"Why Boys Fail: Saving Our Sons from an Educational System That's Leaving Them Behind" by Richard Whitmire
Commitmentnow.com: Are boys in our society doing worse in school than ever before?
Richard Whitmire: The measure that matters is college enrollment and graduation. At this point more than 57% of those earning four-year degrees are women; 62% of associates degrees go to women.
Commitmentnow.com: What is being done in the classrooms that are hurting boys and causing them to fall behind girls academically?
Richard: When school reforms pushed challenging verbal skills two grades lower, a lot of boys just couldn't handle it. The reason for pushing those verbal skills earlier is sound. the mistake was not helping boys adjust.
Commitmentnow.com: If you could change five things about our current schools, what would you change that you believe would help boys succeed in the classroom?
• More research into teaching literacy early.
• More research into what works and doesn't work with single sex education
• Forbid teachers from telling parents about their boys: don't worry, they always catch up
Commitmentnow.com: Do you think boys are failing in school because they are less mature than girls? Or because our society encourages and celebrates a "macho" type of male, rather than an intellectual male who loves reading?
Richard: Our culture has always been "macho," even back in the days boys were doing well in school. Something else has changed, and that something else is described above.
Commitmentnow.com: What are the reasons boys are falling behind in their reading skills? What can parents and teachers do to combat and change this growing trend?
Richard: Currently, too many dad read to their daughters and throw the football with their sons. That has to change. Parents also have to monitor the reading and writing abilities of their sons. If they fall behind, and teachers say "Don't worry, boys always catch up," don't believe them. They don't always catch up. That's the point where you have to take their education into your own hands.
Commitmentnow.com: What role does video games play in the fact that less boys are reading? Also, what role does the publishing industry play in this problem?
Richard: Less than you might think. Video games are a symptom. Boys lose interest in school and then look around for something in which to invest their energy. What they find are video games.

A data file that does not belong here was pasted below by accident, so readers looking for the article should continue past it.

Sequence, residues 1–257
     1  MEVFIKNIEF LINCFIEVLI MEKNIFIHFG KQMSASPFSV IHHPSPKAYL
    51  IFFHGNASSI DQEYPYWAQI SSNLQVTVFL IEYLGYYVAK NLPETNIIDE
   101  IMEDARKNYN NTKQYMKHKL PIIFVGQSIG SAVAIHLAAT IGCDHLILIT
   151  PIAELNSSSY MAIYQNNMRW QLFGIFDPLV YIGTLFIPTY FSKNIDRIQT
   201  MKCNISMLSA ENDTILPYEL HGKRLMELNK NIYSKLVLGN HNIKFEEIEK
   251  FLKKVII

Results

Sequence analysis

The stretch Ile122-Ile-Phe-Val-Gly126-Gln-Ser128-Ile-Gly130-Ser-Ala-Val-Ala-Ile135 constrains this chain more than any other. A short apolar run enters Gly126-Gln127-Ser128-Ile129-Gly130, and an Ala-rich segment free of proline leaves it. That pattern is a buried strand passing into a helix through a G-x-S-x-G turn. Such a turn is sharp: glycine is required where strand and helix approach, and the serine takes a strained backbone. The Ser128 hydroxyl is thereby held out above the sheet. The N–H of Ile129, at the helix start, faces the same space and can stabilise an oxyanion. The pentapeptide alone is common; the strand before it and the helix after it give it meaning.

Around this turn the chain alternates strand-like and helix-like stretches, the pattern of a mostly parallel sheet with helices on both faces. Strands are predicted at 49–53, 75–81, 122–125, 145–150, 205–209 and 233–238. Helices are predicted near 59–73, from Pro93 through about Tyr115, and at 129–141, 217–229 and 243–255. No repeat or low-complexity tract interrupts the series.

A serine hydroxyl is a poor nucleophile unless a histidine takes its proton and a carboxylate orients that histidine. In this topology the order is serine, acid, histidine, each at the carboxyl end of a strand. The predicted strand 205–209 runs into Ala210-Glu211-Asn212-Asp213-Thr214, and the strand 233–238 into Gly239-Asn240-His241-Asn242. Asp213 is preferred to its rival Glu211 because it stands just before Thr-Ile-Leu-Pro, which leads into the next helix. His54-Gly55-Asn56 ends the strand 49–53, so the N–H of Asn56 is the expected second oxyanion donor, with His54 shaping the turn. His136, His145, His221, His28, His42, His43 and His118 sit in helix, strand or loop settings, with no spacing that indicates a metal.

Commitmentnow.com: Do you think boys are sent to school and expected to read too early?
Richard: Schools can adjust for the early reading expectations. they just don't.
Commitmentnow.com: What are five things parents can do to help their boys be better writers?
Richard: Take writing into your own hands, especially if the only writing done in school is the formulaic brief response designed to get them through standardized testing. and when writing at home -- bribe them if you have to -- don't put any topics off limits.
Commitmentnow.com: What can a parent do whose son simply has no interest in the world of books and writing and would rather spend his time playing video games, watching movies, and surfing the Internet?
Richard: Role modeling, to start with. What's dad doing with his spare time, reading or watching SportsCenter?
Commitmentnow.com: What do video games give young men that they are often lacking in their life? How can parents provide boys with real-life experiences that mirror the thrill, sense of achievement, and flow boys experience while playing video games?
Richard: "Flow" is the key word...video games give them the sense of immersion and mastery that reading once gave.
Commitmentnow.com: What is the 'boy code' and how does this impact a young man's emotional sense and ability to learn in the classroom?
Richard: I don't buy the "boy code" as a cause. That's been around forever. These academic declines are only about 25 years old.
Commitmentnow.com: What are some of the misconceptions, stereotypes and ideaological beliefs about boys that are causing schools to continue procedures and practices that hurt boys in the classroom?
Richard: Basically, schools are just being unimaginative and lazy. They would come up with ways to engage boys in reading if they ever veered off from teaching the same way they've taught for decades. That doesn't work when the literacy demands have been shifted by two grades.
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